Lord Williams of Elvel: My Lords, I am again most grateful to the noble Lord, Lord Lucas, for considering these matters carefully. He is quite right in that the amendment, which I drafted myself, is slightly defective in its English and the words "if not" should be left out. The noble Lord is quite right in pointing that out. I hope that he recognises the strength of feeling not only in this House but in the construction industry about this matter and that at Third Reading he will be able to return with something that satisfies all concerned. As we keep on saying--and it cannot be said often enough--we are

22 Apr 1996 : Column 945

here to satisfy all in the industry. This is not a party political matter. We are doing our best to get the construction industry back on its feet. I beg leave to withdraw the amendment.

Amendment, by leave, withdrawn.

[Amendment Nos. 135 and 136 not moved.]

The Deputy Speaker: My Lords, in calling Amendment No. 137, I advise the House that if this amendment is agreed to I cannot call either Amendment No. 138 or Amendment No. 139.

Lord Lucas moved Amendment No. 137:

Page 59, leave out lines 32 to 34.

The noble Lord said: My Lords, I spoke to this with Amendment No. 120. I beg to move.

On Question, amendment agreed to.

[Amendments Nos. 138 and 139 not moved.]

Lord Berkeley had given notice of his intention to move Amendment No. 140:

Page 59, line 34, at end insert--
("(2A) When agreeing the terms of individual contracts which relate to construction operations described in subsection (2) above the contracting parties may agree to contract out of the provisions of this Part, but--
(a) if one contracting party does not wish to contract out of the provisions of this Part, then the parties must agree contract terms which comply with the provisions of this Part, and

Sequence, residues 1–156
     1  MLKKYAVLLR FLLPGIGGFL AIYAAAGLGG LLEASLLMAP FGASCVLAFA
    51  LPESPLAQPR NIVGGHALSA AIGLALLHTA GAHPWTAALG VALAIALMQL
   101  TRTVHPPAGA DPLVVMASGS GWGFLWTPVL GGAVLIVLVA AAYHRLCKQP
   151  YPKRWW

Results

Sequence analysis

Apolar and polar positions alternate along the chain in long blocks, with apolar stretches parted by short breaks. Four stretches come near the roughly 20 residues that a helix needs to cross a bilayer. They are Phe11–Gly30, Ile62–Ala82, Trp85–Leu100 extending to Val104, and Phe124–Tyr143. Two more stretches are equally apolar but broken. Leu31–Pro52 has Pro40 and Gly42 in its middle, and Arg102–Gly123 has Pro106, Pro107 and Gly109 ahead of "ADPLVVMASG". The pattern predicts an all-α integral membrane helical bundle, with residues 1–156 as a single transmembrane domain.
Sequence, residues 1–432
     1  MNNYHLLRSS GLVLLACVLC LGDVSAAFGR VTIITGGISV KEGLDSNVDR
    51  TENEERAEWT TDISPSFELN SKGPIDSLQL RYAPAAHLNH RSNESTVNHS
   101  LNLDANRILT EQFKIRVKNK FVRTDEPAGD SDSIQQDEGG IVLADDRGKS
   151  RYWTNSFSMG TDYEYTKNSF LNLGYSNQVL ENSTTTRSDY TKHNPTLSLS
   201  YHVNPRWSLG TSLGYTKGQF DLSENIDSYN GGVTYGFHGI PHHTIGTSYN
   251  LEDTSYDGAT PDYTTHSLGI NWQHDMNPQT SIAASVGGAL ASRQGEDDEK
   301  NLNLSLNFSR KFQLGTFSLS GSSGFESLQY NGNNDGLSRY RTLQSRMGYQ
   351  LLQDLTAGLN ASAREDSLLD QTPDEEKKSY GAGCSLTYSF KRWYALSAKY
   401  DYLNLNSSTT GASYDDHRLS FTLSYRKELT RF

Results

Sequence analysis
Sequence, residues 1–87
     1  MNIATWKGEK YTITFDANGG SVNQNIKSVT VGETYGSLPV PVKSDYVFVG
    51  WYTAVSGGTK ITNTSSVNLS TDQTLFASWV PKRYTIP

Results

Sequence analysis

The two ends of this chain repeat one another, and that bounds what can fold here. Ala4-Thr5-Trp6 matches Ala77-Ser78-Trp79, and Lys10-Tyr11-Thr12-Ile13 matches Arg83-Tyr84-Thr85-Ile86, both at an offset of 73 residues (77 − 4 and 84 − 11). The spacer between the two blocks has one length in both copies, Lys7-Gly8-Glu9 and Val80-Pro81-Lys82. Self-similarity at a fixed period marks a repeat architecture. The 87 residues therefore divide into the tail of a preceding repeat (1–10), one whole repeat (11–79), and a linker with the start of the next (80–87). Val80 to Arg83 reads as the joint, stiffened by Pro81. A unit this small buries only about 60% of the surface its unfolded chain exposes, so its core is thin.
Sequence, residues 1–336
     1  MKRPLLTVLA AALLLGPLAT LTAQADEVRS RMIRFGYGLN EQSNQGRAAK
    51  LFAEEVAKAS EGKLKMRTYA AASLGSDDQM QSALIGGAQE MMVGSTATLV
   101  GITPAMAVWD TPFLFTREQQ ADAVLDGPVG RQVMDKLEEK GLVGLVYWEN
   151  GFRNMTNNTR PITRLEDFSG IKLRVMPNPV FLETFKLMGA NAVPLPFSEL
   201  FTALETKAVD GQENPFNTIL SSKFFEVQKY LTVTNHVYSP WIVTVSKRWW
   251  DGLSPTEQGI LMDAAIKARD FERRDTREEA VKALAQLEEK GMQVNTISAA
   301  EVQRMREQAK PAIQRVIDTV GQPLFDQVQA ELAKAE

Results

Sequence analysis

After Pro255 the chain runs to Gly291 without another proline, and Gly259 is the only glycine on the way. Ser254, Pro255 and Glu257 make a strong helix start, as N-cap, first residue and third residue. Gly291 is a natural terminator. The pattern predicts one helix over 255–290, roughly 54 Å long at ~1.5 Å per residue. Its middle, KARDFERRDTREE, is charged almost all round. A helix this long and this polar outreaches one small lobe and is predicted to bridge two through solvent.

(b) if the parties fail to agree on acceptable terms which comply with the provisions of this Part, then the relevant sections of the Scheme shall apply.").

The noble Lord said: My Lords, before withdrawing or not moving this amendment, perhaps I may make two points--

Lord Elton: My Lords, on a very important but small point of order, one cannot speak except to a Motion. The noble Lord can move the amendment, and having done so he can withdraw it, but he cannot speak to it until it is there to speak to.

[Amendment No. 140 not moved.]

6.30 p.m.

Lord Howie of Troon moved Amendment No. 141:

Page 59, line 35, after ("shall") insert (" , subject to such consultation as the Secretary of State shall consider necessary,").

The noble Lord said: My Lords, the amendment states:

    "subject to such consultation as the Secretary of State shall consider necessary".
I leave it at that. I beg to move.

Lord Lucas: My Lords, I am sympathetic in principle to the amendment. Consultation has been the mainspring of the exercise to produce fair contracts legislation and the Government have a considerable consultation exercise ahead of them in bringing forward the schemes for construction contracts. Clause 103(4) allows the Secretary of State by order to amend the provisions of subsections (1), (2) and (3). That would allow the definition of "construction operations" to be fine tuned

22 Apr 1996 : Column 946

if it were not quite right. It would also allow definitions to be updated in line with developments in the industry. There is no question of any such amendment taking place without consulting the appropriate representatives of any groups affected. I hope that with that assurance the noble Lord will feel able to withdraw the amendment.

Next Section Back to Table of Contents Lords Hansard Home Page